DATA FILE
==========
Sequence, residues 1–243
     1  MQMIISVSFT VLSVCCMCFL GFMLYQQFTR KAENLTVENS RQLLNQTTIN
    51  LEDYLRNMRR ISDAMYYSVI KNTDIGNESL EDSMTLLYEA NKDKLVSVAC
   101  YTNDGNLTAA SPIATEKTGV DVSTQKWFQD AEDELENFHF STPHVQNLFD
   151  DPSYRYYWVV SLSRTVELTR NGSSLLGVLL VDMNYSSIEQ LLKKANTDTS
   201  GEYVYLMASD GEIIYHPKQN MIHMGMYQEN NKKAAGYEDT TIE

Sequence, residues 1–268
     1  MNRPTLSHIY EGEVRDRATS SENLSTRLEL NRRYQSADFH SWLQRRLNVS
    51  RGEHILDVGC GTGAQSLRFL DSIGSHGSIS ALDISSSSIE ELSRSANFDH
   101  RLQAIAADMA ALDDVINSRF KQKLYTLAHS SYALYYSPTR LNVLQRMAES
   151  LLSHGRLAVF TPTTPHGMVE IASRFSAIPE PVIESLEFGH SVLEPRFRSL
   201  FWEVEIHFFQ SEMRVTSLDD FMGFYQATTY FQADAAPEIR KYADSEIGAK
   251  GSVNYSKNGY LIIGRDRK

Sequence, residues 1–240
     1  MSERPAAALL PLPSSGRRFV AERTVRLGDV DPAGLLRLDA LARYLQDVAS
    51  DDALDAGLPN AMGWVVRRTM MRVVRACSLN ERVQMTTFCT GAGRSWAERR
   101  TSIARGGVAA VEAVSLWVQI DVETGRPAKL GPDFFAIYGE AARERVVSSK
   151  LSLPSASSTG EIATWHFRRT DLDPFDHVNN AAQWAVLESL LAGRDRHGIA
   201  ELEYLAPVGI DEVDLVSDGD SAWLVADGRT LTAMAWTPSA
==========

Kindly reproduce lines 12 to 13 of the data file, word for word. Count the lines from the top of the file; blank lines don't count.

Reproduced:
   201  FWEVEIHFFQ SEMRVTSLDD FMGFYQATTY FQADAAPEIR KYADSEIGAK
   251  GSVNYSKNGY LIIGRDRK